Defense Department Struggles to Define Autonomy

By Dave Chesebrough and Matt Dooley

Photo: Defense Dept.

Defense Secretary James Mattis’ National Defense Strategy maintains that the security environment is directly affected by rapid technological advancements driven by commercial technology, and this has fundamentally changed the character of war.

The strategy specifically identifies autonomy as one of these technologies. We hear a lot today about self-driving cars. Recent fatal accidents in Arizona and California have ignited a debate about the operational efficacy and safety of autonomous vehicles, even with human backup. John Paul MacDuffie, director of program and vehicle mobility at the Wharton School’s Institute for Innovation Management, offers the observation that we are in the early days of the evolution of driverless technology, and accidents are to be expected.

In the automotive world driverless vehicle testing must be conducted on public roads in real-world conditions to prove out the technology. But that involves the general population in the risk pool for what is essentially the test and evaluation of these robotic vehicles. When accidents happen, innocent people not connected with the testing can be the victims. Arizona suspended Uber driverless car testing after a fatal accident involving a pedestrian.

What is the analogy for military systems, which must be evaluated under operational conditions, and which may carry lethal weapons and need to participate in combined arms units? There are complicated questions surrounding integration of autonomous systems into operational forces and how they are tested and evaluated to assure both safety and effectiveness.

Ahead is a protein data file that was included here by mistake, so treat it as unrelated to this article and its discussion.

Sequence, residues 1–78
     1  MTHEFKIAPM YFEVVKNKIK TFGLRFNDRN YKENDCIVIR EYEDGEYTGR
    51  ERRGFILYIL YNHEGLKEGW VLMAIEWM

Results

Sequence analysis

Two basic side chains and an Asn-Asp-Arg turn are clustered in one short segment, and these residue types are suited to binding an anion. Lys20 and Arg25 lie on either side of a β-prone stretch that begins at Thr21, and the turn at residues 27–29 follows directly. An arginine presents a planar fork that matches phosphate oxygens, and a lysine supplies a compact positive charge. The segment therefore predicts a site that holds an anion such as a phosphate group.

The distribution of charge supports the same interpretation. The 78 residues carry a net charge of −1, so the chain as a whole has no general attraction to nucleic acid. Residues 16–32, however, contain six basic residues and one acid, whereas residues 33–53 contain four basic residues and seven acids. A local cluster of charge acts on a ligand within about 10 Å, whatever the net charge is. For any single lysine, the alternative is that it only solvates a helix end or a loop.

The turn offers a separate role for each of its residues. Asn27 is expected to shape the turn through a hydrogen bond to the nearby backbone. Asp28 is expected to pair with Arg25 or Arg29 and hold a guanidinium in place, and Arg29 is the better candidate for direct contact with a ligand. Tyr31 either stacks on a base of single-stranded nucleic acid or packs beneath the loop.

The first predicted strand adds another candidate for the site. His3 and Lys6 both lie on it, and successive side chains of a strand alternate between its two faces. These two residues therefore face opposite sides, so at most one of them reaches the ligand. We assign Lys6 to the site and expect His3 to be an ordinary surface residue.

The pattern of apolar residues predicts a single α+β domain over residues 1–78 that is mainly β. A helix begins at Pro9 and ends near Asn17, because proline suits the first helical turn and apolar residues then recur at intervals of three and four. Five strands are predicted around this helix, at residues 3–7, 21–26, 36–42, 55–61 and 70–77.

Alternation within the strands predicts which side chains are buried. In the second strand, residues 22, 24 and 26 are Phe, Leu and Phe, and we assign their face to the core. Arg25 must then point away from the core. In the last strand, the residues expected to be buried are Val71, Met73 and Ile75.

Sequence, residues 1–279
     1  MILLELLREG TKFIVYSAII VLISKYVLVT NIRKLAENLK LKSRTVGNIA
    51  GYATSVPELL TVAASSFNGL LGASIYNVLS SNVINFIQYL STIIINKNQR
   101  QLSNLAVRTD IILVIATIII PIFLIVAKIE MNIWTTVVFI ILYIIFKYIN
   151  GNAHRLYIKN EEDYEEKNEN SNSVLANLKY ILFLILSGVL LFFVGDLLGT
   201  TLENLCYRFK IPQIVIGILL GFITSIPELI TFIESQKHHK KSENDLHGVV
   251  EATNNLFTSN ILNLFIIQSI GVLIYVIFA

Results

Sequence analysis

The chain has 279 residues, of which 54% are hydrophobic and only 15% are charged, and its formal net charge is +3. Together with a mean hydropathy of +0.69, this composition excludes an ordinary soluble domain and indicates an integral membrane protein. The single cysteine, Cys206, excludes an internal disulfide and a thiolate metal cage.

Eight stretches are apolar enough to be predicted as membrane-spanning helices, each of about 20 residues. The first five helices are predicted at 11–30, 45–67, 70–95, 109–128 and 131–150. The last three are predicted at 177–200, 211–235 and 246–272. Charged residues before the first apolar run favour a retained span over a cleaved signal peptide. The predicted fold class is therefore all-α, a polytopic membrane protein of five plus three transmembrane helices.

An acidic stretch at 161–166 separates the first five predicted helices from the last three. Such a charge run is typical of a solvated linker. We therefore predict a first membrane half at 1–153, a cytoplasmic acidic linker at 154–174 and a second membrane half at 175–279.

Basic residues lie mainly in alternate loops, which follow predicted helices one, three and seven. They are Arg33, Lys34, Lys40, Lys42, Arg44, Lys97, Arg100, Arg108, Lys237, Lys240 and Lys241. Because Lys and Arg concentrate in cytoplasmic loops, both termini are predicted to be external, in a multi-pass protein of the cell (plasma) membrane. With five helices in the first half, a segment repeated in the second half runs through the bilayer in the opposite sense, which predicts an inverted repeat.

At the National Defense Industrial Association’s Ground Robotics Capabilities Conference and Expo this year there was a heavy emphasis on the Army’s 2017 Robotics and Autonomy Strategy and the integration of autonomous robots into operational forces. 

Robots have been a subject of science fiction since the genre was invented. We tend to project onto these fictional machines human-like abilities — we like to think they will behave as we do. But the reality is that there are many levels of autonomous capabilities and integrating these into a military force is complex, and is being intensely examined by the defense community.

When a fully autonomous vehicle is deployed in a combined arms operation it has to perform and respond as a vehicle with a human operator would. That means it must conform to the established tactics, procedures and tasks while also being capable of coordinated and independent action and decisions. To be clear, we are not talking about drones or explosive ordnance disposal robots that are controlled by human operators from some distance away, although those will likely be a part of the force. No, the ultimate goal is to have a robot perform all aspects of a task autonomously without human intervention. This includes sensing, planning, or implementing action in a self-governing manner.

The Army strategy states that “effective integration of [the strategy] improves U.S. forces’ ability to maintain overmatch and renders an enemy unable to respond effectively.”